Two Months in Jordan!
It’s been almost two months now at UNESCO Amman for me. I am waist deep in all that the education sector is doing, and am really grateful for the experience to be able to work so closely on such important tasks with my colleagues. The Education Sector of the UNESCO Amman Office is in the middle of implementing a project funded by the European Union called “Sustaining Quality Education & Promoting Skills Development for Young Syrian Refugees in Jordan.” This project has several components including non-formal and informal education, teacher professional development, youth mentoring, and higher education. I have been supporting all aspects of the project, but work most directly with the Youth Skills Project Officer on monitoring and evaluation of the informal education component. I have also worked heavily on increasing the Education Sector’s visibility, including putting together the newsletter: Quality Education for Young Syrian Refugees in Jordan.
What is the difference between non-formal and informal education in Jordan?
Informal education typically means any education outside of formal schooling. In Jordan, the terminology for the education sector is a bit different, because Jordan has a certified non-formal education program. Before the refugee crisis, this program was similar to a GED program, geared towards drop outs of the formal education system. The non-formal program is now something of a certified accelerated learning program for Syrian refugees, and Jordanians. The non-formal education program is established, there is a set curriculum that leads to certification, and not much wiggle room in service delivery. Informal education on the other hand, is much more flexible. This can lead to huge differences in quality from one program to the next. The informal education projects that UNESCO is implementing with its partners include components on Arabic, Math, English, Art and Life Skills. Inclusive in Life Skills is psychosocial support.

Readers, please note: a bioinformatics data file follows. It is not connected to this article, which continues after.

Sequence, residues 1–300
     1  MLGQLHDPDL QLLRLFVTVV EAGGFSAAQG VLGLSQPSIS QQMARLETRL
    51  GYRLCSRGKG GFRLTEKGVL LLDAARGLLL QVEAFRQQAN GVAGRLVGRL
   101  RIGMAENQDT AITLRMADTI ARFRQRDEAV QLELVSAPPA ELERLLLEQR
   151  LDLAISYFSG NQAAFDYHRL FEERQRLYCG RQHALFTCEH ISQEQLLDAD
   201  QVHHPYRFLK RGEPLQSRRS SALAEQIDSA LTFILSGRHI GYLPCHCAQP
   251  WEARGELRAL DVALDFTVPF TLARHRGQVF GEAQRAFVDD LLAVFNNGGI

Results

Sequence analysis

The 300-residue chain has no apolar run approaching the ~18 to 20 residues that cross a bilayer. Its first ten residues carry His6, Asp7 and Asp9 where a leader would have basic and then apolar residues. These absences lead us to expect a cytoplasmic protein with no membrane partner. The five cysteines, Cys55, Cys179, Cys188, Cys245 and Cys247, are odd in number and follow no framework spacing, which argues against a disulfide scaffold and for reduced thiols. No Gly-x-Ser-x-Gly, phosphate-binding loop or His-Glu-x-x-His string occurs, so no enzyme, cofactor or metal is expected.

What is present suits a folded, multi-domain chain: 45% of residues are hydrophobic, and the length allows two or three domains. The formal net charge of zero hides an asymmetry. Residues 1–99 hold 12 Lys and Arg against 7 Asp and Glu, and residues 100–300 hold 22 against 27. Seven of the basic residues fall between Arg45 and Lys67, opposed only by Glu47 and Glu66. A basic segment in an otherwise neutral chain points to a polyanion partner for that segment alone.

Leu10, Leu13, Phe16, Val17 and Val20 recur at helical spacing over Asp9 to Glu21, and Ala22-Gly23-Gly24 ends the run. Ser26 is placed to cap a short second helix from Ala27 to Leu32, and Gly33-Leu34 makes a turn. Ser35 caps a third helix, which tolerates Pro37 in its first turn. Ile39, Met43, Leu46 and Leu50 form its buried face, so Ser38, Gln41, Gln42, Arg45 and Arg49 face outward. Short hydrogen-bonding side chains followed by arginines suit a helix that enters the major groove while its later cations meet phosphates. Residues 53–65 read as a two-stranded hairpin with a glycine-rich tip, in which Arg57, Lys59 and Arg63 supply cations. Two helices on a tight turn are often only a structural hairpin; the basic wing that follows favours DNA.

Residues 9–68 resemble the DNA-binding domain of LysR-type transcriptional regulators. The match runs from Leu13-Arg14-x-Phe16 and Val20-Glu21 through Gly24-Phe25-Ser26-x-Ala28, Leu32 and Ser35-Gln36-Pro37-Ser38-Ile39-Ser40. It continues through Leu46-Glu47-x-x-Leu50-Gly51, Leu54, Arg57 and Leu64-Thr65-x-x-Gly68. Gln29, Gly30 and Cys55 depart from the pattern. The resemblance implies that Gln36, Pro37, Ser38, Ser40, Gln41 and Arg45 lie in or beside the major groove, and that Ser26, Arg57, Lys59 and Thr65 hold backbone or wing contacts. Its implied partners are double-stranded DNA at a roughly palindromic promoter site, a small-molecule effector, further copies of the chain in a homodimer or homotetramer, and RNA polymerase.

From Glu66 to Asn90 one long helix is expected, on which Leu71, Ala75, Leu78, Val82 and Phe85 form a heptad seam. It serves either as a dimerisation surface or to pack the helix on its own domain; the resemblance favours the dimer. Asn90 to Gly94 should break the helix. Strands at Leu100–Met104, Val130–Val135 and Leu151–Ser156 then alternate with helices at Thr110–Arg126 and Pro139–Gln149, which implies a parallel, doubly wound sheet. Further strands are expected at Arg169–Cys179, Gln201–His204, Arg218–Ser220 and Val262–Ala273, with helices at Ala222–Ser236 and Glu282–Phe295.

Part of my job at UNESCO is to travel to project sites with the Project Officer, and monitor the implementation of informal education. I am concerned with supporting partners to provide the highest level of quality possible within their means, and have developed some monitoring tools to help us do that. The two sites I travel to at the moment are Zaatari Camp in Mafraq, and the city of Irbid. UNESCO has a dedicated site in District 10 of Zaatari, where informal education projects will conduct programming. In Irbid, projects are serving urban refugees.
Zaatari camp is massive, but it’s not only the size that’s overwhelming. The heat is relentless, the air is dry, and the landscape is stark to say the least. Though, while the camp itself is imposing and dire, you see glimmers of life and hope in the markets, in the laundry hanging to dry, and in the people riding bicycles on the wide dirt streets. I’m proud to be a part of bringing educational services to these people, who deserve only our best.
It’s the Holy month of Ramadan in Jordan right now, which means that many people stay up all night. Shops, cafe’s and restaurants are closed until sunset, and it is illegal to eat or drink in public. Needless to say, life moves by kind of slow during this time. It has been a very interesting experience though, and a huge privilege to get invited to break the fast with friends and colleagues.
One amazing event that was taking place this past week is the Arab Film Festival sponsored by the Royal Film Commission. I was lucky enough to attend three films, and stay for the Q & A with the directors. My favorite film was “The Beats of the Antonov,” a Sudanese film about how displaced people in the south of Sudan cope with their situation through traditional music.
To be continued…
I hope to update you more in the future on the implementation of these projects, and how UNESCO is supporting education for refugees in Jordan. In my next post I will talk more about higher education for refugees, and why it’s so important for donors to start investing.